Tardy to school? You can no longer be suspended for that in Washington state | KUOW News and Information

Tardy to school? You can no longer be suspended for that in Washington state

Aug 20, 2018

The school year starts in a few weeks in Washington. This year, no public school student can be expelled just because they are tardy or have unexcused absences on their record.

Washington’s superintendent of public instruction is making that change, and others, to the state's disciplinary rules.  

Superintendent spokesperson Nathan Olson said the goal is to keep kids in the classroom, not sitting at home. The state hopes the changes will help close the opportunity gap that students of color face.

"What we've found is, number one, there is disproportional in discipline; and number two, too often those students who are disciplined don't get seamless educational services during the time that they are disciplined," Reykdal said.

State data shows students of color and those with disabilities are punished at disproportionately high rates — a problem the state has committed to fixing.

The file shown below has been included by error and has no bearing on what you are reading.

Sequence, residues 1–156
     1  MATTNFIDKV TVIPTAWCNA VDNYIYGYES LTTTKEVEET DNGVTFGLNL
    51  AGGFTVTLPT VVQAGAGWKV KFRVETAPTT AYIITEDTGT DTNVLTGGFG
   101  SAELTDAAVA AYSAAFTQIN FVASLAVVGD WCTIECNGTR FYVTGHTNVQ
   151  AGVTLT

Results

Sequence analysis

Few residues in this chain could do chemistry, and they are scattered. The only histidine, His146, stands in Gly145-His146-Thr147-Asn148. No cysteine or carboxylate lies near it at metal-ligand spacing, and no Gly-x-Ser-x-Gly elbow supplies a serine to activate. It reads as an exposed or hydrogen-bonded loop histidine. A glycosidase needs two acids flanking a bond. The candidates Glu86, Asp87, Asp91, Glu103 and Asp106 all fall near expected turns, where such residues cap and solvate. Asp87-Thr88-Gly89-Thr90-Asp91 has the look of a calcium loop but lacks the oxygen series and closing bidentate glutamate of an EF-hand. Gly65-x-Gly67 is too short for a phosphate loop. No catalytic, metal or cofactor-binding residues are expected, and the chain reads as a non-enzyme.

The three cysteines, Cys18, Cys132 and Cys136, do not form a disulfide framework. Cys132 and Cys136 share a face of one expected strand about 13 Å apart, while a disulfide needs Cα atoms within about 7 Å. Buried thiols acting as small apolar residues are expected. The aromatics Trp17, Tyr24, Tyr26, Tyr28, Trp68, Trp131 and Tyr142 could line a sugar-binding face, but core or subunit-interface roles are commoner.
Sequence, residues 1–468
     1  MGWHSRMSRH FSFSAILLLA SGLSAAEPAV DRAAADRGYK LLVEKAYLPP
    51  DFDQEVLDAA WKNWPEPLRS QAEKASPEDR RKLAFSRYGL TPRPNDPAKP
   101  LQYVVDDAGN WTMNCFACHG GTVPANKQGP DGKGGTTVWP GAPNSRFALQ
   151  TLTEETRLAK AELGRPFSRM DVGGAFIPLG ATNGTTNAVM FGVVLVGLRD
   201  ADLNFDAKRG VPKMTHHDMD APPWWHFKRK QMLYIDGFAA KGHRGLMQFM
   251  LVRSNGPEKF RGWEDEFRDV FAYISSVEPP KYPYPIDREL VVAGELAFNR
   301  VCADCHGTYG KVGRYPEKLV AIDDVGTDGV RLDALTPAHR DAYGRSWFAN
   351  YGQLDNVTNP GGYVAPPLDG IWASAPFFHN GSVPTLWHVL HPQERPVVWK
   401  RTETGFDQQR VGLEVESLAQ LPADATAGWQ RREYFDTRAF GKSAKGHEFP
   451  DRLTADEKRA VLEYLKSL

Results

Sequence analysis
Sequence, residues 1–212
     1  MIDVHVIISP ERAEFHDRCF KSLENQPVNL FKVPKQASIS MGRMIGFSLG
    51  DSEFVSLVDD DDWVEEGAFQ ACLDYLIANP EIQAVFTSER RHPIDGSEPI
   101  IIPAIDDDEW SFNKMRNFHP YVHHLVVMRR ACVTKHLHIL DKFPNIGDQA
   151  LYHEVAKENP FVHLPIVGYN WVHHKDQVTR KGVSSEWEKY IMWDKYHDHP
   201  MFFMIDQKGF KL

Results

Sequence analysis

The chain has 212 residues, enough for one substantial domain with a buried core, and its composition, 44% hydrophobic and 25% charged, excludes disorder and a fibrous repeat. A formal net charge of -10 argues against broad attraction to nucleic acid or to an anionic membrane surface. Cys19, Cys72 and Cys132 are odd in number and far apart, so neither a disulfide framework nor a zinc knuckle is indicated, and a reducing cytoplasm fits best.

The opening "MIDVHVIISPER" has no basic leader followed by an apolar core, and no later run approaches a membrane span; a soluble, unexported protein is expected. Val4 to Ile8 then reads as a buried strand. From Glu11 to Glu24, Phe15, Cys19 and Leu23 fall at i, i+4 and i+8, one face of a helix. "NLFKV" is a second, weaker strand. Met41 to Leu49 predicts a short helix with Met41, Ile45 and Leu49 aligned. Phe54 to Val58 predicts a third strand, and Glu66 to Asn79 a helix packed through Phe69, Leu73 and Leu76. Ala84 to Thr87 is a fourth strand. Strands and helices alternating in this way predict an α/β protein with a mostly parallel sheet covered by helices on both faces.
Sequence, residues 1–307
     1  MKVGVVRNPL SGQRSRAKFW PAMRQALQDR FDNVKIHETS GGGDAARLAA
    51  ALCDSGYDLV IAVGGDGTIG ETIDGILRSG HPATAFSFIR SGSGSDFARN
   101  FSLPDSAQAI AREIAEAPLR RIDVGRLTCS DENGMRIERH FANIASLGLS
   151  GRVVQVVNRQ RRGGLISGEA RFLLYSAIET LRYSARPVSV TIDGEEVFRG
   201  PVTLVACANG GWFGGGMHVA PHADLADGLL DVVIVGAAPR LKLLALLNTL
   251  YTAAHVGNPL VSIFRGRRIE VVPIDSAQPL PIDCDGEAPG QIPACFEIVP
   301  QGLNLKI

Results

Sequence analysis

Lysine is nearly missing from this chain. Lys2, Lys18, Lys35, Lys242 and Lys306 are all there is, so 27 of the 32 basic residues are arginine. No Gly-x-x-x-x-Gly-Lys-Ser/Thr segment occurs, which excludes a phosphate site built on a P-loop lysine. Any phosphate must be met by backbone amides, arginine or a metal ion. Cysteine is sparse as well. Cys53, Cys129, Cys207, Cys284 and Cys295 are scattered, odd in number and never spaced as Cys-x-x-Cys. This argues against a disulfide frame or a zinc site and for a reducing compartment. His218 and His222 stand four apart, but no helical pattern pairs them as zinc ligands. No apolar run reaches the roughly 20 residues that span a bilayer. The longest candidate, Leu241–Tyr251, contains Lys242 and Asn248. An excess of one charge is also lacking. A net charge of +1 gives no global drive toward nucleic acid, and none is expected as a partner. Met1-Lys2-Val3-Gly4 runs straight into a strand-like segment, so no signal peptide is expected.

Under the new rules, the bar is set higher for when a student can be expelled, suspended or otherwise pulled out of the classroom.

There are now few reasons a student can be expelled, unless they have caused a threat to school safety. No student between kindergarten and fourth grade can be expelled.

Rita Green with the Seattle Chapter of the NAACP said the changes are a nice gesture. She also said, however, it won't stop the unequal punishments on students of color.

"Because all the teachers are going to do is, 'Ok I can't kick you out of school and document it, but I can kick you out of my classroom,'" Green said. "When they're not in the classroom, then they're not learning, which means the gap continues to grow."

Green said closing the opportunity gap needs to start with hiring teachers who aren't racially biased.

According to the Office of Superintendent of Public Instruction, 3.5 percent of all students were suspended or expelled in 2016-17. For black/African-American students, it was 7.4 percent. The rate for students who receive special education was 7.1 percent.